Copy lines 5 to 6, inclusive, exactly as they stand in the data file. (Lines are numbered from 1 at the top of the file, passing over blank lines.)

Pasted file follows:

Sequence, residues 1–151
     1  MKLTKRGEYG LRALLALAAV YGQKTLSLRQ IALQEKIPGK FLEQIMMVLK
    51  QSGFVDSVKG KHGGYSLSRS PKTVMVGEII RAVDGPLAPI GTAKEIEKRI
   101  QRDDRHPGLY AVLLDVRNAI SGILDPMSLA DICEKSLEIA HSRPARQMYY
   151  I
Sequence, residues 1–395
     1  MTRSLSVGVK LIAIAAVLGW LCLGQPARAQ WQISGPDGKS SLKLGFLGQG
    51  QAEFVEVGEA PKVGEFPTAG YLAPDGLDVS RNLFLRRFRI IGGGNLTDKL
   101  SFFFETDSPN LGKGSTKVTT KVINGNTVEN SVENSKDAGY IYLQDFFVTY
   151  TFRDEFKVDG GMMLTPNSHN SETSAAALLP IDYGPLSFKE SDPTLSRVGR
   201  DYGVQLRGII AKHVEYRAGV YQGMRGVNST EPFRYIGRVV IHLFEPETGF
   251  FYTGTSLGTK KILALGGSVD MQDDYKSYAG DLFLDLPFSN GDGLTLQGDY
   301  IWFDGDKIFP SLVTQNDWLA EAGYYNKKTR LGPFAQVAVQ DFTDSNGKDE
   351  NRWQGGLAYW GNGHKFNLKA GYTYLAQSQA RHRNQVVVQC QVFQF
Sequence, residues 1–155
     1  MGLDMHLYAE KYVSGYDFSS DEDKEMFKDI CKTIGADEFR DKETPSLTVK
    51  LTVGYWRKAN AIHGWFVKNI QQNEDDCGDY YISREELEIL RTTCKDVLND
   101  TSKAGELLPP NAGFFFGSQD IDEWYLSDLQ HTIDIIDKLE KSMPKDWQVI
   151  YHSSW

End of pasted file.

   151  I
Sequence, residues 1–395